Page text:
The Institute for Transportation Development & Policy hopes to define the gold standard for BRT (and Silver and Bronze too). Photo via ITDP.
This weekly post features news from other transit agencies and planners from around the world. Did we miss a good story? Let us know in the comments.
Bus rapid transit systems getting an international rating standard
The Institute for Transportation & Development Policy — an organization that “works with cities worldwide to bring about transport solutions that cut greenhouse gas emissions, reduce poverty, and improve the quality of urban life” — has released a report card that seeks to standardize the way we assess the quality of bus rapid transit lines.
After all, a variety of bus lines get lumped in together as BRT, despite having very different levels of amenities, speed, frequency, etc. ITDP sought to remedy that by assigning points to different factors that play an important role in the quality of a BRT line. Then, depending on how many points a given line picks up, you end up with a ranking of gold (85–100 points ), Silver (70–84 points), Bronze (50–69 points); anything lower and ostensibly it’s not BRT at all.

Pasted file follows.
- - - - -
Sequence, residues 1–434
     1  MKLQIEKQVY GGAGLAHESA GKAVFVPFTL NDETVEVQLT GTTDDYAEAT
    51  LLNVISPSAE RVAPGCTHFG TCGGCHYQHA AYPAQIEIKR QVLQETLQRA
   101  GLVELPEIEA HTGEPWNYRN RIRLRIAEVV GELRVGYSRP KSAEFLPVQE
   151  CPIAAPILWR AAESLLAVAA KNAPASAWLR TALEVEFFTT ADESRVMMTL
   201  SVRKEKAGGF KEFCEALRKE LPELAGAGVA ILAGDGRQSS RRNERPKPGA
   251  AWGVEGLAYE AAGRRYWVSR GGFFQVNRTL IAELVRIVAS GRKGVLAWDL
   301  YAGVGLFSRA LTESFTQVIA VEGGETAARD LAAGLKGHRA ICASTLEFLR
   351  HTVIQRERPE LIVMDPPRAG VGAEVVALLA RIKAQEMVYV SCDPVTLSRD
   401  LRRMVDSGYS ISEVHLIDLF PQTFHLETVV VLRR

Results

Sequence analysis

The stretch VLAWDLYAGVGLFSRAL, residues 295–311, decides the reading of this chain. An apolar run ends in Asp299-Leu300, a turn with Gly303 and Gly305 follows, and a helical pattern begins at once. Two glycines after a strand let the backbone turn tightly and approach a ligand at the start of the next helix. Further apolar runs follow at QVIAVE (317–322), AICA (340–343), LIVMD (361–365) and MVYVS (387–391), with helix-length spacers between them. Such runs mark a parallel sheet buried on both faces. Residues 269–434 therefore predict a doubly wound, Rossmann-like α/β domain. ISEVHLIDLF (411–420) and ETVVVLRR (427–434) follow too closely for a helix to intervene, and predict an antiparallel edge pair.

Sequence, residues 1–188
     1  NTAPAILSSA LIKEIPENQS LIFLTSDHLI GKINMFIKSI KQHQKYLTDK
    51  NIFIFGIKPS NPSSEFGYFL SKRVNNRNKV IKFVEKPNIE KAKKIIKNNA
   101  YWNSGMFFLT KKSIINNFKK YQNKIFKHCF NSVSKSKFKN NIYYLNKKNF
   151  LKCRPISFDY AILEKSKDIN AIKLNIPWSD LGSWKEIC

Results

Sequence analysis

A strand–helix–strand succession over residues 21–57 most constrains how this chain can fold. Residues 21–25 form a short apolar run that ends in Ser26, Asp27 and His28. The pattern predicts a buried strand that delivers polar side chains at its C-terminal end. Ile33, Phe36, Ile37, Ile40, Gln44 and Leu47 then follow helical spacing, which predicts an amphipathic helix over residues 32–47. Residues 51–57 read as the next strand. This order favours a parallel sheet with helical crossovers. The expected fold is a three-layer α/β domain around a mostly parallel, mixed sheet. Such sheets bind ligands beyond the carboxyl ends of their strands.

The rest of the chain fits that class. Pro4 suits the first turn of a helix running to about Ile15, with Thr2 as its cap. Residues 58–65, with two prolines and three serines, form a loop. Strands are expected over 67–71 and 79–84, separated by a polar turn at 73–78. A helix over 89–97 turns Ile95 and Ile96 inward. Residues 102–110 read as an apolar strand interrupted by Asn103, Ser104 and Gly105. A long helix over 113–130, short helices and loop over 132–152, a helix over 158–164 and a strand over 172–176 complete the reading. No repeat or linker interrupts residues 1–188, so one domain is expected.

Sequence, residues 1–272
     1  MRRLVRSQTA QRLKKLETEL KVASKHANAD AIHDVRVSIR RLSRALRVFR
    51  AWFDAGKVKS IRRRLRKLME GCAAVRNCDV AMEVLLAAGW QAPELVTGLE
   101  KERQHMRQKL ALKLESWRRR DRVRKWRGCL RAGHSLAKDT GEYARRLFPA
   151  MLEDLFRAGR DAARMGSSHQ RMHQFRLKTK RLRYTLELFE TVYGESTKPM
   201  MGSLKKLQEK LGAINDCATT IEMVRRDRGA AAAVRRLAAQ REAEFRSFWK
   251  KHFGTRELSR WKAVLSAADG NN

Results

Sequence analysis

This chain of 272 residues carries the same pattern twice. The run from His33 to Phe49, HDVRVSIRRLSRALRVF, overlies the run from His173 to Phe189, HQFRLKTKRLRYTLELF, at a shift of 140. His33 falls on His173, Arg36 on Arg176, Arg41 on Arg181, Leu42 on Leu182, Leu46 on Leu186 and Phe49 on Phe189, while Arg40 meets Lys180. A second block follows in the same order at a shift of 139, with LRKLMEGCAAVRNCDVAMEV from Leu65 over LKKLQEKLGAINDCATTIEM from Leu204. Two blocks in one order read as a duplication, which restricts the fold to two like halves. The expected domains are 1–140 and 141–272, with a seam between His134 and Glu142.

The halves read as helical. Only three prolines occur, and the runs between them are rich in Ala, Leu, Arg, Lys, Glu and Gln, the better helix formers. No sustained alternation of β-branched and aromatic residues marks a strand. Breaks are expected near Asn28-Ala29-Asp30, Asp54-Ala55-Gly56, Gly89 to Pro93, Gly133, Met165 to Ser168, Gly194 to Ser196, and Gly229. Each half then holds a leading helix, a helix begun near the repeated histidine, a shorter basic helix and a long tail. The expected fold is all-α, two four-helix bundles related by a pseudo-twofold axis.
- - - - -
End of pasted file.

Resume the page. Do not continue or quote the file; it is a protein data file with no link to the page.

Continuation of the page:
The features that will earn you the most points include some of the big time-savers like off-board fare collection, a segregated right-of-way and level boarding. The report doesn’t go through the steps of actually assigning scores to existing services, but it does give a shout-out to the Metro Orange Line for doing a good job integrating bicycling infrastructure.
New York bike share gets a name, price schedule
New York City Mayor Michael Bloomberg announced Monday that the city’s soon-to-debut bike-sharing program has a name: Citi Bikes. The New York Times reports that the name comes courtesy of Citibank, which has ponied up for the official corporate naming rights to the tune of a $42 million contribution to the program. That money and other private contributions mean no public funding will be required for the system, which will feature 10,000 bikes docked at 600 stations spread throughout lower Manhattan and downtown Brooklyn.
The Transportation Nation blog breaks down what it will cost you to rent a bike and how that compares to other cities’ bike sharing programs. For $95 per year, all rides under 45 minutes will be free of charge. After that, fees will be tacked on to discourage New Yorkers from hanging onto one bike all day.